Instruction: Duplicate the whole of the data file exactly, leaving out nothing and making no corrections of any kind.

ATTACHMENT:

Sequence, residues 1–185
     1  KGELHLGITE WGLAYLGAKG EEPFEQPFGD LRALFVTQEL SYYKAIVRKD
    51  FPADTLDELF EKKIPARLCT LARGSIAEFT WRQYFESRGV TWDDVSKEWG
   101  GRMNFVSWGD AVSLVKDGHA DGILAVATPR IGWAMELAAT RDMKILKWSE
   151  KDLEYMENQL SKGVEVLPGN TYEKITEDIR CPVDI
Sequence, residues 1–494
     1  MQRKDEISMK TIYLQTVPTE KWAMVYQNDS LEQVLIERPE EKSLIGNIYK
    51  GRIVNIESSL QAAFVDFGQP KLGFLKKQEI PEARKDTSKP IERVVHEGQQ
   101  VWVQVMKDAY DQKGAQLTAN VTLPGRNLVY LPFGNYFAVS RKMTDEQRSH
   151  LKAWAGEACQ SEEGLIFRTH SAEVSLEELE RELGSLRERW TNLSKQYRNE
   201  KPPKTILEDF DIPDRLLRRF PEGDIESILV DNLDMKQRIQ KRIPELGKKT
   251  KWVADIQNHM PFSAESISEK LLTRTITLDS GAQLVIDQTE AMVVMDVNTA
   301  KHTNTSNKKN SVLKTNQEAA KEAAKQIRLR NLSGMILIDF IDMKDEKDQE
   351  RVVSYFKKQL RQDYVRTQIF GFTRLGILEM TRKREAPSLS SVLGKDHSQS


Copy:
Sequence, residues 1–185
     1  KGELHLGITE WGLAYLGAKG EEPFEQPFGD LRALFVTQEL SYYKAIVRKD
    51  FPADTLDELF EKKIPARLCT LARGSIAEFT WRQYFESRGV TWDDVSKEWG
   101  GRMNFVSWGD AVSLVKDGHA DGILAVATPR IGWAMELAAT RDMKILKWSE
   151  KDLEYMENQL SKGVEVLPGN TYEKITEDIR CPVDI
Sequence, residues 1–494
     1  MQRKDEISMK TIYLQTVPTE KWAMVYQNDS LEQVLIERPE EKSLIGNIYK
    51  GRIVNIESSL QAAFVDFGQP KLGFLKKQEI PEARKDTSKP IERVVHEGQQ
   101  VWVQVMKDAY DQKGAQLTAN VTLPGRNLVY LPFGNYFAVS RKMTDEQRSH
   151  LKAWAGEACQ SEEGLIFRTH SAEVSLEELE RELGSLRERW TNLSKQYRNE
   201  KPPKTILEDF DIPDRLLRRF PEGDIESILV DNLDMKQRIQ KRIPELGKKT
   251  KWVADIQNHM PFSAESISEK LLTRTITLDS GAQLVIDQTE AMVVMDVNTA
   301  KHTNTSNKKN SVLKTNQEAA KEAAKQIRLR NLSGMILIDF IDMKDEKDQE
   351  RVVSYFKKQL RQDYVRTQIF GFTRLGILEM TRKREAPSLS SVLGKDHSQS